The morning had been tense. His girlfriend had an appointment in about an hour. They wanted to find a place to work and relax a little bit, but their usual place wasn’t open on Tuesdays. It was anxious enough when they came here two weeks ago just waiting for her appointment, but today there was a fire at work that she needed to fight. Somebody misplaced a character in a configuration file, and now all the servers were carrying that file and refusing to talk to each other. He didn’t need to work at her company to know it was a grave situation: a window she kept open was still all red, and she must have been pulled into firefighting, all hands on deck, even though she officially requested a few hours off.

An appointment with the lactation consultant was hard to come by, and they couldn’t complain when they got their Tuesday spot. When he first heard how the consultant described his girlfriend’s difficulties in milk expression, he told her, he was initially wondering whether it had anything to do with gene expression: something that ought not to appear shows up, or vice versa, something that should be there isn’t. He was trying to lighten up the mood (just like when he used to ask why people always said they were fighting fires when they were no real firefighters and they wanted all hands on deck when they were not sailors), but she said no, it has nothing to do with the appearance of something. It really just means having difficulties in squeezing the milk out.

“Like espresso,” his girlfriend said.


“And I thought you were curious about words. They derive from the same root.”

“You mean ex-press, to press out…”


He was hoping to reciprocate how she made the situation less tense by way of naming it, but for now all he wanted to do was to accompany her. Before he would bring it up with her (and he was glad he didn’t), he talked to his sister back home, and said they turned out pretty ok, even with the “industrial farming” way many kids of his generation were brought up, and who knows how much baby formula they were given and how early. His sister told him that no, even back home, her friends would see themselves as a failure if they couldn’t breastfeed. “So maybe just shut up and be there,” his sister admonished him. “Who knows where people of our generation get the ideas from, but I wouldn’t be surprised that the pressure is higher there. Your country is probably where people come up with the notion that it is a failure in the first place. It’s a strange form of soft power, I’d say.”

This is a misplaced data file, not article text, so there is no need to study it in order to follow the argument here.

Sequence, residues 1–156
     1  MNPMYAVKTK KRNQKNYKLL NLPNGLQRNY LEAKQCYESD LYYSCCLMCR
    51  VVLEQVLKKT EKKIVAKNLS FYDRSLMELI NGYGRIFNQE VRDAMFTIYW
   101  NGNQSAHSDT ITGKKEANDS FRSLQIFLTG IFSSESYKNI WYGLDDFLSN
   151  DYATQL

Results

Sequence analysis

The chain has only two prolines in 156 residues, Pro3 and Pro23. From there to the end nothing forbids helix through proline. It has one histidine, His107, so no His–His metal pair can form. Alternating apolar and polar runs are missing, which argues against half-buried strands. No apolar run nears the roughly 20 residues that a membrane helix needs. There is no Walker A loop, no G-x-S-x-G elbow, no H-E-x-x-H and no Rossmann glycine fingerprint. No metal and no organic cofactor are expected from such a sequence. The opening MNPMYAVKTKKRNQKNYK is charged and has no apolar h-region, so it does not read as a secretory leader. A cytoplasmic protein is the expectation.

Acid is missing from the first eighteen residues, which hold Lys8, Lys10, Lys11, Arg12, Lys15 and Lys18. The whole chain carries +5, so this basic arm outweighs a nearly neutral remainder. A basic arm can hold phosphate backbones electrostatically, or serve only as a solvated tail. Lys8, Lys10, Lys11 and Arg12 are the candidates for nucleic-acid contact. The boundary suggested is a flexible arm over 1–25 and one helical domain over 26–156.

So he decided to keep mum. The past few months were all new to him. His now girlfriend didn’t literally show up in front of the door, but it happened quickly and he took her and her newborn in. He accompanied her to the court to get the restraint order and helped her audit her accounts and communication channels. Sometimes he took the boy out in a carrier on his chest, and there were a few times he got asked whose child it was or what the relationship was between the boy and him, sometimes even in her presence.

For now, though, this noisy place gave him some reprieve. The boy was at the daycare, and he had something to read.

“We should be going,” his girlfriend sighed as she closed her laptop. “I looked it up, the place the lady suggested doesn’t seem too bad,” she added.

He looked around. The woman must have gone already, she and her umbrella. Now they were the only two patrons left.

“I thought you were not paying attention,” he said, putting on his backpack.

“Somehow I did. I needed some distraction in this sea of red lights.”

“But didn’t she say it only opens at eleven?”

“It does. I’m not saying we need to check it out now. Just an option if we get a late appointment next time.”

“I hope they have good coffee.”

“I don’t think they have coffee there,” she said as she put on her backpack.

“What do they have then?”

“It’s a boba place.”